Operation Rebirth: Captain America and the Ethics of Enhancement
Major Todd A. Burkhardt considers under what circumstances it would be morally right to bioengineer super-soldiers.
In 1940, as the United States prepares for war, Steve Rogers, a frail young man unable to enlist in the military due to physical limitations, volunteers for a secret experiment. Operation Rebirth transforms him into the ultimate physical specimen: the American super-soldier. This super-soldier, known as Captain America, fights against tyranny and for the capitulation of Hitler, the Nazis, and the Red Skull, a Nazi secret agent. This was the genesis of a comicbook superhero whose exploits were first published in late 1940, nearly a year before the USA entered the war. But what would be the moral ramifications of creating a real Captain America? Is the intentional creation of super-soldiers by cell engineering morally permissible? If (when) we have the capability, should we assent to it?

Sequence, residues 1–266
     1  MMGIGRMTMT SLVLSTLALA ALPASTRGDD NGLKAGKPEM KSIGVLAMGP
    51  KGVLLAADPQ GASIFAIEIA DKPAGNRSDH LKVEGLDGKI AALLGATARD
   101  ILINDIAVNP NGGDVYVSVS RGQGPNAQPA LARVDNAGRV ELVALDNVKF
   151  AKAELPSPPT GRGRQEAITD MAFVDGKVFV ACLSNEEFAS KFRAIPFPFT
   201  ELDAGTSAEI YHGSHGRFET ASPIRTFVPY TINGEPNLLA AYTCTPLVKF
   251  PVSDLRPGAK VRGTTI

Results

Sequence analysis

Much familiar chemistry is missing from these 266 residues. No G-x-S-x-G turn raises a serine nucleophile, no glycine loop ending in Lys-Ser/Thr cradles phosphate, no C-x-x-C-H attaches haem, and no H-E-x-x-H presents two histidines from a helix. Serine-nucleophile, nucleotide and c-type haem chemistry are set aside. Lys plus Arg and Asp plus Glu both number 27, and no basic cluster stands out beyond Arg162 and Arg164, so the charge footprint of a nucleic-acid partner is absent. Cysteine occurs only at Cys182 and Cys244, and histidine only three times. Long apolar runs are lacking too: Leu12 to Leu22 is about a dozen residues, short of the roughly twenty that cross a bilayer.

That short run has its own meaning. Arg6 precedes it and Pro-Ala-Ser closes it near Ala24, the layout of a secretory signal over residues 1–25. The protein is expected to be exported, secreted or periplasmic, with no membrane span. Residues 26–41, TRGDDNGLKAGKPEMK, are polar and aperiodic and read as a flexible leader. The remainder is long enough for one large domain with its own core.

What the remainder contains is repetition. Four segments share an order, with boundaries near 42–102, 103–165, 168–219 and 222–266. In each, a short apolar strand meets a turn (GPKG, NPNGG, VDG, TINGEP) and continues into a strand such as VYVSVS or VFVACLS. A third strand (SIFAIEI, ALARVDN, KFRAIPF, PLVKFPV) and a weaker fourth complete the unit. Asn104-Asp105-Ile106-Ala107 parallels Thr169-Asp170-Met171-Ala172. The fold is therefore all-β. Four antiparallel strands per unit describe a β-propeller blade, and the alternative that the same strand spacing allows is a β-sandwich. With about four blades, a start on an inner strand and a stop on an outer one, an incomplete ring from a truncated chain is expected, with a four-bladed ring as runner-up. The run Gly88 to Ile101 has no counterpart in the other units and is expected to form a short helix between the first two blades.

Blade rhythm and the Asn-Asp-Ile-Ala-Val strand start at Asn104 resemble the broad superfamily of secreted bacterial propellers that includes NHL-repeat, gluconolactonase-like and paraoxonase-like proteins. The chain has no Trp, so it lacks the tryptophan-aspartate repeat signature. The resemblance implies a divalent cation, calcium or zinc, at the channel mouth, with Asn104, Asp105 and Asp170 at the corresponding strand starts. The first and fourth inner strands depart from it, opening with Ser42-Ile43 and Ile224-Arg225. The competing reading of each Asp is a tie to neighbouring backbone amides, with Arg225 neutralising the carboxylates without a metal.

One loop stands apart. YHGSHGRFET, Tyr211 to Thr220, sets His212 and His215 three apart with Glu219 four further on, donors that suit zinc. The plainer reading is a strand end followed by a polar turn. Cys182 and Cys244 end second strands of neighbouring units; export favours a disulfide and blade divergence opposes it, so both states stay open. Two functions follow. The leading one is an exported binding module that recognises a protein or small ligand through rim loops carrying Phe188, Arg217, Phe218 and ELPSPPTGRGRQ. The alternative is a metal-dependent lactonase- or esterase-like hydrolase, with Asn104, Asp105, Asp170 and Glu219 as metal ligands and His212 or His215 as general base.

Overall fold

I believe that such an endeavor would be morally permissible and even praiseworthy if it met two criteria.